Seven Ways to Cope with Uncertainty
To our friends affected by ALS,
While you’re likely not new to living with uncertainty, additional stressors such as the current events can upset our routines and put further limitations on our connections to community and care. It may also lead to feeling an increased lack of control, which could trigger difficult emotions similar to those you felt when you or your loved one were diagnosed with ALS.
First things first: Whether you’re experiencing anxiety about care options, joy at being able to spend more time with loved ones, frustration about parenting and working full-time, worry over losing income and more — everything you’re feeling is normal. It’s important to “feel your feelings.” However, it’s also important to process your emotions in order to prevent spiraling negative thoughts. Leaving strong emotions such as anxiety or fear unchecked for extended periods of time can sometimes lead to health issues such as headaches, irritability, difficulty sleeping and more.
So how do you process how you’re feeling? Below are a few ways to do this.
- Observe your thoughts and reframe those that don’t work for you
- Practice mindfulness
- This can sometimes seem daunting. However, starting with simple techniques can be very helpful. Read this list of seven different ways to practice mindfulness to see what might work for you.
- Meditation can also be very helpful in practicing mindfulness. Calm and Headspace are mobile apps that provide guided meditations.
- Find your new normal
- Creating structure for yourself and your family while you work and/or study at home can increase your sense of control. Check out this article that outlines five strategies to design an effective schedule during stressful times.
- Writing the schedule for each day can be very helpful in feeling organized. Use this neat weekly view template from Ivy.Ly to identify your priorities and tasks for each week, while also noting what you’re grateful for each day.
- Ask for help
- Sign up for The Science of Well-Being, a flexible and self-paced 21-hour online course “designed to increase happiness and build more productive habits”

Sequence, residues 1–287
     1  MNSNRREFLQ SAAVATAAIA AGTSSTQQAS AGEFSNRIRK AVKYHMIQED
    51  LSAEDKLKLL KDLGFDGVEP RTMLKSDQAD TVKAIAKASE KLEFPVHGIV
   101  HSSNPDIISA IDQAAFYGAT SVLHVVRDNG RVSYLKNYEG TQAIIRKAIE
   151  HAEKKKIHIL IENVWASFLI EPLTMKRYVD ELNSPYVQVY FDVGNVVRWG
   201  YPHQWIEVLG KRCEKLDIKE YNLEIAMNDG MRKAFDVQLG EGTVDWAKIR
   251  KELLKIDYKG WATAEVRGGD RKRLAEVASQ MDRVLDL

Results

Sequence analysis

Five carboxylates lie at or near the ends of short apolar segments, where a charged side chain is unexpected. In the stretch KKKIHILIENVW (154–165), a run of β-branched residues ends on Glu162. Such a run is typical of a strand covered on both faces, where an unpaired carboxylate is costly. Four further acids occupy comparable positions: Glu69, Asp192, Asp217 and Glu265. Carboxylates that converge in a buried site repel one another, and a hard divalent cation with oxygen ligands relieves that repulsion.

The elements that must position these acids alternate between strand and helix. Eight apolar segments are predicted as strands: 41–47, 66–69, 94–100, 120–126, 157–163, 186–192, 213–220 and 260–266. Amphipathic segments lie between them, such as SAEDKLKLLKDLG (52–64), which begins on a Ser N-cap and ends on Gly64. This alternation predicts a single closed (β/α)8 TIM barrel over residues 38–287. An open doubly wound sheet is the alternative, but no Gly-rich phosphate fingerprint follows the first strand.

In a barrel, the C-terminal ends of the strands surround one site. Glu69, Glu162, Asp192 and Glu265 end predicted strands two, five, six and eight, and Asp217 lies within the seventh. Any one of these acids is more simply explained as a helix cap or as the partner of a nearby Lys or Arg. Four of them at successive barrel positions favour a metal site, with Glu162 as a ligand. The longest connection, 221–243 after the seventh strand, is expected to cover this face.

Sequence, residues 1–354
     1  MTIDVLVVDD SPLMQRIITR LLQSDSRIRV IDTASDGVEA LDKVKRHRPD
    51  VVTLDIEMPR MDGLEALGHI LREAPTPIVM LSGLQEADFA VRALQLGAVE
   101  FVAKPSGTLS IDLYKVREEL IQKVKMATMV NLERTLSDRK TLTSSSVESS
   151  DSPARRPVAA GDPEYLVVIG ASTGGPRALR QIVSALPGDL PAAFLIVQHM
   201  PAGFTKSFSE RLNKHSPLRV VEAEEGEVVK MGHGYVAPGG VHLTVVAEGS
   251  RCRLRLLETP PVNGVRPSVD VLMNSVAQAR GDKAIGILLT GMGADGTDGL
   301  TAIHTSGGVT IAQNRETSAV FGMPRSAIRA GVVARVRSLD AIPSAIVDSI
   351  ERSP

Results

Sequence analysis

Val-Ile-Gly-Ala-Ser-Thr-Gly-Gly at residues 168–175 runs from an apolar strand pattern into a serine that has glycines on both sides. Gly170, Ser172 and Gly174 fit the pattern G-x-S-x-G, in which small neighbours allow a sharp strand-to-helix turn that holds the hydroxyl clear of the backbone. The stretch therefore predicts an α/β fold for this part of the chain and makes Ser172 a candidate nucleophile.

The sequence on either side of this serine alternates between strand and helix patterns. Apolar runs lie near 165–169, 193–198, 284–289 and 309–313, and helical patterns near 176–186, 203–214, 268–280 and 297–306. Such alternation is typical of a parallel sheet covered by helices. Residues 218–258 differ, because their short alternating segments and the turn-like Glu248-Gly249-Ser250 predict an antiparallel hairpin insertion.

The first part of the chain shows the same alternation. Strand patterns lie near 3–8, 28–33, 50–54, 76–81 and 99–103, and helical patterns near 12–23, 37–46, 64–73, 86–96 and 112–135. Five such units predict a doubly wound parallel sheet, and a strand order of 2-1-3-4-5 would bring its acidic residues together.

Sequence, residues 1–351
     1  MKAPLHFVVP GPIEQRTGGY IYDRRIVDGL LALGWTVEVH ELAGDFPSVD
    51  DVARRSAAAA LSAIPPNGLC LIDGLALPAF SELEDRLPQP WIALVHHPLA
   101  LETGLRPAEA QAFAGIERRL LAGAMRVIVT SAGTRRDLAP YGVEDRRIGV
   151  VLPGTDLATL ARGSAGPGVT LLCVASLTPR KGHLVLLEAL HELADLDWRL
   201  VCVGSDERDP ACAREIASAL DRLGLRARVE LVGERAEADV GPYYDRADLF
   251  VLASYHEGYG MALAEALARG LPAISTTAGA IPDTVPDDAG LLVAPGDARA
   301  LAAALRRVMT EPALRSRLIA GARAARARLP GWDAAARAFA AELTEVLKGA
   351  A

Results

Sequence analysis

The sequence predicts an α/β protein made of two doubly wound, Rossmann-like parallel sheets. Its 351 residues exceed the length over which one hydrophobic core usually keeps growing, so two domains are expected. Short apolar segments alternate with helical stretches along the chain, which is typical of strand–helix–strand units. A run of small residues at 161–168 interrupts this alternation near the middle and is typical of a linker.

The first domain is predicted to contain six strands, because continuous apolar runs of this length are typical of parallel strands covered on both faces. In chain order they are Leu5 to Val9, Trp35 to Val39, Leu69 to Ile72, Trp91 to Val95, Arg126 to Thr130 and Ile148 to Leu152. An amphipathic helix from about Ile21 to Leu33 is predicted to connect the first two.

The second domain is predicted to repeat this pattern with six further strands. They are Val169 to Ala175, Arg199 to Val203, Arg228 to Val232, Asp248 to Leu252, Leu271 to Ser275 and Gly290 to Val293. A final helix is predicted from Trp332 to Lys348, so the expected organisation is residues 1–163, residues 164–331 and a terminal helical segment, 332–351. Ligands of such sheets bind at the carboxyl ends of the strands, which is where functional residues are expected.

- The class is taught by Dr. Laurie Santos, Professor of Psychology at Yale University, and offered for free through Coursera.
- An information overload can increase worry and fear, so be sure to take breaks from media coverage and news stories.
- It’s important to feel and be prepared during a health crisis. This article on how to get prepared for medical emergency situations may be helpful to you and your family.
Also, here are four activities to take your mind off of COVID-19
- Host a virtual hangout with friends and family through apps like Google Hangout, Zoom, Houseparty, WhatsApp and more.
- Listen to an audiobook or read aloud as a family
- Many public libraries give members the option to check out ebooks or audiobooks
- Amazon Prime members have access to hundreds of free ebooks through Prime Reading
- Plan a themed movie marathon
- Series like Harry Potter, Star Wars, and Marvel are fun for the family
- Tour a museum from home
- Find a list of museums offering free virtual tours here
If you venture outdoors, please follow CDC’s guidelines to wear a mask and maintain a distance of at least six feet from those not in your household.
For more information on coping strategies, visit the CDC webpage dedicated to daily life and coping during an infectious disease outbreak. For information about ALS-specific COVID-19 support resources, access information here.
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